Employers in every state, including New Mexico, are subject to the federal Family and Medical Leave Act (FMLA), which allows eligible employees to take unpaid leave, with the right to reinstatement, for certain reasons. In addition, many states have their own laws that require employers to provide time off for family and medical reasons. New Mexico provides leave rights to victims of domestic violence, but does not otherwise provide family and medical leave.
In New Mexico, employers must comply with the FMLA if they have at least 50 employees for at least 20 weeks in the current or previous year.
Employees may take FMLA leave if:
FMLA leave is available if an employee needs time off to:
Employees in New Mexico may take up to 12 weeks of leave in a 12-month period for a serious health condition, bonding with a new child, or qualifying exigencies. This leave renews every 12 months, as long as the employee continues to meet the eligibility requirements set out above.
Employees may take up to 26 weeks of leave in a single 12-month period to care for a family member who was injured on active military duty. However, this leave is a per-injury, per-service member entitlement. Unless the same family member is injured again, or another family member suffers an injury while on active duty, an employee may not take an additional leave for this purpose.
Employees are entitled to continue their health insurance while on leave, at the same cost they must pay while working. Although FMLA leave is unpaid, employees may be allowed (or required) to use their accrued paid leave during FMLA leave.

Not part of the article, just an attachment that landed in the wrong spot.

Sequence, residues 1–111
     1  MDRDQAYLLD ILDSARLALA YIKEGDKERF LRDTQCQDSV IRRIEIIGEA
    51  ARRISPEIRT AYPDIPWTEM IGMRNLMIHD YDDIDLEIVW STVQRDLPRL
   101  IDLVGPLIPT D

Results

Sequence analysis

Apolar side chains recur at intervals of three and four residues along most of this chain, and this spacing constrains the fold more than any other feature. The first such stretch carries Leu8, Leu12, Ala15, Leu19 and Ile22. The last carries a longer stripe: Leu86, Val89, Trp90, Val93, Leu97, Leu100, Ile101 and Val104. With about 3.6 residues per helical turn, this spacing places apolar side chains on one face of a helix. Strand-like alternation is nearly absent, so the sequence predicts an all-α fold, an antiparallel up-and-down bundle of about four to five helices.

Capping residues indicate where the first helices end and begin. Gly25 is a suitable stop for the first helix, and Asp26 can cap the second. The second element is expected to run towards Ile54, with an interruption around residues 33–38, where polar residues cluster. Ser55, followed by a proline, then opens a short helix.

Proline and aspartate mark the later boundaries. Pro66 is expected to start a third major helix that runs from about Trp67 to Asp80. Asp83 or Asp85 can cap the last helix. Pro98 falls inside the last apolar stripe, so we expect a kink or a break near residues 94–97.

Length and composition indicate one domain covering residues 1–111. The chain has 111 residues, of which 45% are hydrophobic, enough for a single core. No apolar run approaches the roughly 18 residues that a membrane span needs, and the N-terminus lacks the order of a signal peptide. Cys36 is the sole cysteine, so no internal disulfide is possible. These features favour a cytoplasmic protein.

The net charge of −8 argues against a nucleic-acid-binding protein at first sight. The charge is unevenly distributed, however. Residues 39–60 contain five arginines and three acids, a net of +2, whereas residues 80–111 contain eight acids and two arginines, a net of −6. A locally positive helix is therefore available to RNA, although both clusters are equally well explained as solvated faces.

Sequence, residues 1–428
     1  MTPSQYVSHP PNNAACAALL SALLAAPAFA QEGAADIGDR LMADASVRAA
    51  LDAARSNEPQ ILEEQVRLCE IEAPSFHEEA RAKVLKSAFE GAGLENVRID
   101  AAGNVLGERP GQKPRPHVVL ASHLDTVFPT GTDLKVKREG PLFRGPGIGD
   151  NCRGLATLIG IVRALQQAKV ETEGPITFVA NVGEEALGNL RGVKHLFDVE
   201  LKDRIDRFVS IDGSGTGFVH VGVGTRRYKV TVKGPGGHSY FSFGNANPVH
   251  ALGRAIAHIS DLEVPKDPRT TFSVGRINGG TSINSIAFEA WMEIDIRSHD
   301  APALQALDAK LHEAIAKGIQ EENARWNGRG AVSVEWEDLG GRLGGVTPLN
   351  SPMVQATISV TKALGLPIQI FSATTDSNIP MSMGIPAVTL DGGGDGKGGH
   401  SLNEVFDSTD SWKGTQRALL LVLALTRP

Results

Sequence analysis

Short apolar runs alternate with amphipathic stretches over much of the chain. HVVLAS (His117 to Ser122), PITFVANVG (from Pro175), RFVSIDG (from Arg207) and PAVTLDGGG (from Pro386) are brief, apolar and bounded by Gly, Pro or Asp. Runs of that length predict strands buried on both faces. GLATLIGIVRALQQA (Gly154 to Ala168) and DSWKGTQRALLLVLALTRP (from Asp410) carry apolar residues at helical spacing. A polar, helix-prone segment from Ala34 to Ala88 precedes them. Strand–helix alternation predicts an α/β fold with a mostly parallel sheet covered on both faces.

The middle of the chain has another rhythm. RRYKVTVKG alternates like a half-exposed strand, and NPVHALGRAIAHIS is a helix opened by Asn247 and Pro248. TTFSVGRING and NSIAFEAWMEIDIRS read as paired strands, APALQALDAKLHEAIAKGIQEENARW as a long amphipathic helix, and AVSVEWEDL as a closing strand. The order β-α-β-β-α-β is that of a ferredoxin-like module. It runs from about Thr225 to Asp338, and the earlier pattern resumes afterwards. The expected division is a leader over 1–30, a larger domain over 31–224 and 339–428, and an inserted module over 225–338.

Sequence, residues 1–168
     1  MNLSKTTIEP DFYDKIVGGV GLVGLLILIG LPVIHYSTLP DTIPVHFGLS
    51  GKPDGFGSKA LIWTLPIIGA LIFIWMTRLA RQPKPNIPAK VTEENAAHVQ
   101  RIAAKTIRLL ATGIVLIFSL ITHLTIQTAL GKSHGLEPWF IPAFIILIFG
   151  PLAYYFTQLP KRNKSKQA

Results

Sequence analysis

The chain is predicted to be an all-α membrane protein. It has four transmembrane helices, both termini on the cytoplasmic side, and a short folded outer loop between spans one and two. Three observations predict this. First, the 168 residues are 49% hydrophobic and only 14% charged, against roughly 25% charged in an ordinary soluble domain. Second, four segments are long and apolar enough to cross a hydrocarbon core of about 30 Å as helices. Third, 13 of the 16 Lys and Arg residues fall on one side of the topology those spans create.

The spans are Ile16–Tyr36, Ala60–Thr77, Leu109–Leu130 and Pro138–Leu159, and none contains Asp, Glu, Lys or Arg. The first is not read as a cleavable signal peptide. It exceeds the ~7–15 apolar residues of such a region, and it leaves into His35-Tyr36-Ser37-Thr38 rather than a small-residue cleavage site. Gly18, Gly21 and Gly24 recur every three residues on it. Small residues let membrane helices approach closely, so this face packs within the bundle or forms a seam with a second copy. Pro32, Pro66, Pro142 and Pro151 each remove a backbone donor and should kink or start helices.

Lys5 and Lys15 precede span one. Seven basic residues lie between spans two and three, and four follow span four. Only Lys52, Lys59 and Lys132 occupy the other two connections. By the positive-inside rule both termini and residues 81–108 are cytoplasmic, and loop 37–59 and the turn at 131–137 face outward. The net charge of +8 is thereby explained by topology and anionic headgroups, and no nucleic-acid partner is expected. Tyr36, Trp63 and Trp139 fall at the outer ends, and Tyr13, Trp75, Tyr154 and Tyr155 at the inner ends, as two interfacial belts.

When an employee’s FMLA leave ends, the employee is entitled to be reinstated to the same or an equivalent position, with a few exceptions.
New Mexico law requires all employers to provide intermittent paid or unpaid leave time for employees to obtain or try to obtain a protective order or other judicial relief from domestic abuse, to meet with law enforcement officials, to consult with an attorney or district attorney's victim advocate, or to attend court proceedings relating to the employee's domestic abuse or the domestic abuse of the employee's family member. Employer must provide up to 14 days of leave for this purpose in any calendar year, which employees may use in increments of up to 8 hours in one day.
If you think you might need FMLA leave, you should inform your manager and/or HR department right away. Get a copy of the company’s FMLA policy and find out what forms you’ll need to complete. The FMLA imposes notice and paperwork requirements on both employees and employers, so it’s important to act quickly. You can find out more about the FMLA in Nolo's article Taking Family and Medical Leave and Nolo's book, The Essential Guide to Family and Medical Leave, by Lisa Guerin and Deborah C. England.